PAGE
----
It’s August and that means that the Premiership is back on. Disgusted with the ever increasing commodification of his first love, Niall McCabe gives the top-tier of English football a brutal and honest take-down. League of Ireland anyone?
As the Giddy long days of summer turn inexorably shorter and the squirrels get ready for the nut bonanza that heralds a long and dark Winter, one beast trundles Balor like into view. This huge unruly behemoth with its undead minions and frankly disgusting musical accompaniment farts and croaks it’s unholy mantra across the planet like a massively flatulent Donald Trump. The mantra is money, the beast is the Premier league, its uncloaked one eye beaming fire, destruction and David Guetta to a global audience in excess of 4 billion.
The numbers are staggering and when I say numbers I mean money. The minimum amount a premier league club will receive from just being part of this lofty elite is close to £100 million, the new Television deal for the 2016-17 season is worth over 5 Billion, this is 2 billion up from the last deal. A club like Manchester united can think nothing of spunking £100 million on a 23 year old with potential who they let go a few seasons before for metaphorical peanuts.
Paul Pogba’s agent is right to buy Al Capone’s Florida Villa because he is Al Capone! The Lizard people at Deloitte estimate a 20% growth in revenue for this season alone. The excitable chimps on Sky Sports news can barely contain the awe they feel as this season’s first transfer window looks like it may cross the threshold from vapid to grotesque as it approaches a £1 Billion spend on players and their reptilian agent’s fripperies. Shangri-La for shitheads.
So what does all this Filthy lucre buy you? Expensive food available at not 1 but 2 restaurants in Stamford Bridge ‘curated’ by the massive lumbering Gastropod Marco Pierre White. Face painting workshops, cheeky mascots on PCP, personalised tours of a club’s history by a depressed ex-player with shingles, interactive centres of excellence with a scratch and sniff corner reeking of Bill Shankly’s superhuman B.O, cages full of zero hours workers mockingly dragged through the streets like a Roman Triumph, watch in awe as they are pelted with rotten tomatoes by a team of mime artists, ex-soap stars and limbless members of Britain’s glorious military personnel just back from Afghanistan with dead eyes and an uncertain future.
The Premier league, like Twink, is an unforgiving Beast. It’s bottom line is money, and prestige. The lure of glory for smaller historical clubs is understandable and owners want to brag to their fellow oligarchs or slave labour built billionaire chums about how great their toy is.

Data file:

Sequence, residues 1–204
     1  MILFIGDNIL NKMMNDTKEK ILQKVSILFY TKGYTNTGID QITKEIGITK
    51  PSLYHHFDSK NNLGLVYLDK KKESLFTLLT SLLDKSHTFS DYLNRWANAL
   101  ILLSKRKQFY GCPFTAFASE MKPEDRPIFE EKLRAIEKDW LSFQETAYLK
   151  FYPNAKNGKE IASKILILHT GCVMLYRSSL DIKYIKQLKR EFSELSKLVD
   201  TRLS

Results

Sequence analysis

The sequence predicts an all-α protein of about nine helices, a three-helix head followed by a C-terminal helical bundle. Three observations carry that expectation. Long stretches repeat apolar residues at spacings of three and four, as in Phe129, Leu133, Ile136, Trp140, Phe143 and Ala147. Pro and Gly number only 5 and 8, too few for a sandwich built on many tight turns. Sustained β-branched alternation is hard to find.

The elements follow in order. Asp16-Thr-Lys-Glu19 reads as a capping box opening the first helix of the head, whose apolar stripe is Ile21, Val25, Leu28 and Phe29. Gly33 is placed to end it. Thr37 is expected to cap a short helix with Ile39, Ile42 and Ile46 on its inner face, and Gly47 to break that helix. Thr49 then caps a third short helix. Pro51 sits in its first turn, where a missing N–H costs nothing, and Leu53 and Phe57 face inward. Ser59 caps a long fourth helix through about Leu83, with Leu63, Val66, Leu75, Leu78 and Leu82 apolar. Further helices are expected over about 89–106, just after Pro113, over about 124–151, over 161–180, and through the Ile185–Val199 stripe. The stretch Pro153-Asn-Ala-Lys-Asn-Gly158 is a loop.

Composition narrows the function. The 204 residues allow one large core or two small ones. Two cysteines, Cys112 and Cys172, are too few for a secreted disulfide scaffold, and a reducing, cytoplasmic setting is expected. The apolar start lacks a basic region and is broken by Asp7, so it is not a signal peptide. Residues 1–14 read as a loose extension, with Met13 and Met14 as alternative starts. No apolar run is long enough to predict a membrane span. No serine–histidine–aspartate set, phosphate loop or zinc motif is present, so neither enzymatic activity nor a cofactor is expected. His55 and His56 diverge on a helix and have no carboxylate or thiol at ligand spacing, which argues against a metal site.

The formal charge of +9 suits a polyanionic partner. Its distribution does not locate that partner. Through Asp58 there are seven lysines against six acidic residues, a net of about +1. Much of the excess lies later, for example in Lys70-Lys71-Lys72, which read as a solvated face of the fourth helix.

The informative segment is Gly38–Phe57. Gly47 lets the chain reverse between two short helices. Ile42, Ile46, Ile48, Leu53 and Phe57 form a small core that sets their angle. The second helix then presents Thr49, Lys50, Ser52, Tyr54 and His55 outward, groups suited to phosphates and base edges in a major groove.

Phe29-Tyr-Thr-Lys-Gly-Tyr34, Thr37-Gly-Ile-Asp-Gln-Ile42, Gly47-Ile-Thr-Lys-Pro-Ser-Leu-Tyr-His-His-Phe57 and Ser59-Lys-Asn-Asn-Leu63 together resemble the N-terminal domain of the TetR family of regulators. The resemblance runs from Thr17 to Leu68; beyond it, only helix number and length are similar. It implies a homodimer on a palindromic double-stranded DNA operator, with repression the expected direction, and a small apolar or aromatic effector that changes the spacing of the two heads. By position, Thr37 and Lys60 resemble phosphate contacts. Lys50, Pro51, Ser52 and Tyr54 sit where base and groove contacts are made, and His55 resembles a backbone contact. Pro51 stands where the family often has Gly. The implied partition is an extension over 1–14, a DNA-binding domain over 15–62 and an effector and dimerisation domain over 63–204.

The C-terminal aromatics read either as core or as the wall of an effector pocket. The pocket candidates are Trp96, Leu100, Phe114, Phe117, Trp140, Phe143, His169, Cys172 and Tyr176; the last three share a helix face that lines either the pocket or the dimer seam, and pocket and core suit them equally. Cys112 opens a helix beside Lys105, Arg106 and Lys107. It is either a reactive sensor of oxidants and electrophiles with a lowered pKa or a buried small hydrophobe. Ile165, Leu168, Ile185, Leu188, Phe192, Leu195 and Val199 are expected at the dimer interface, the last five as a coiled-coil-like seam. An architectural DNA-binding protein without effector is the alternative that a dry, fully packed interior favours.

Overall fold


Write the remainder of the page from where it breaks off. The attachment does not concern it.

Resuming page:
To millions of people in Britain it is a symbol of local pride. For all the guff, hyperbole and sentimentality displayed by weekend hardmen it is essential to many a town or city. At its best is a testament to co-operation, community and latent homosexual urges in the hoi-polloi. Unfortunately England is littered with clubs that made that Faustian pact and inevitably have suffered relegation, disillusionment and near bankruptcy as reality bites.
A championship club earns a derisory fraction of money in comparison to their garlanded rivals at the banquet table of meh that constitutes the English Premier League. Even a team that builds slowly and establishes itself in the Premier league can be ripped apart by bigger clubs with impunity, although this has gone on pre-premier league it can be seen as an almost frenzy in the current climate.
But for all this, it remains compelling and undeniably exciting, though the equation that money = silverware has been shown to be hubristic as teams from Europe on a fraction of the budgets have turned beating the Premier leagues bloated squads into a cakewalk, which seems to literally be what Bastian Schweinsteiger did so successfully last season.
As long as the money is still there the English Premiere League will continue to dominate the week like a Christopher Biggins colossos, though the problem with charging fans ludicrous money for tickets is that eventually people will cotton on and realise that a 90 minute entertainment is worth it. No amount of celebrity endorsement or shrieking self referential bollocks pedalled by its minions will stop the tide of human progress.
When the billionaires decide that it’s time to nob off to the long coming Kabaddi revival in their droves, it is only then that the myopic beast will be revealed for what it is. A vomit flecked sideshow, Ozymandias boundless and bare.
Photo by Jon Candy.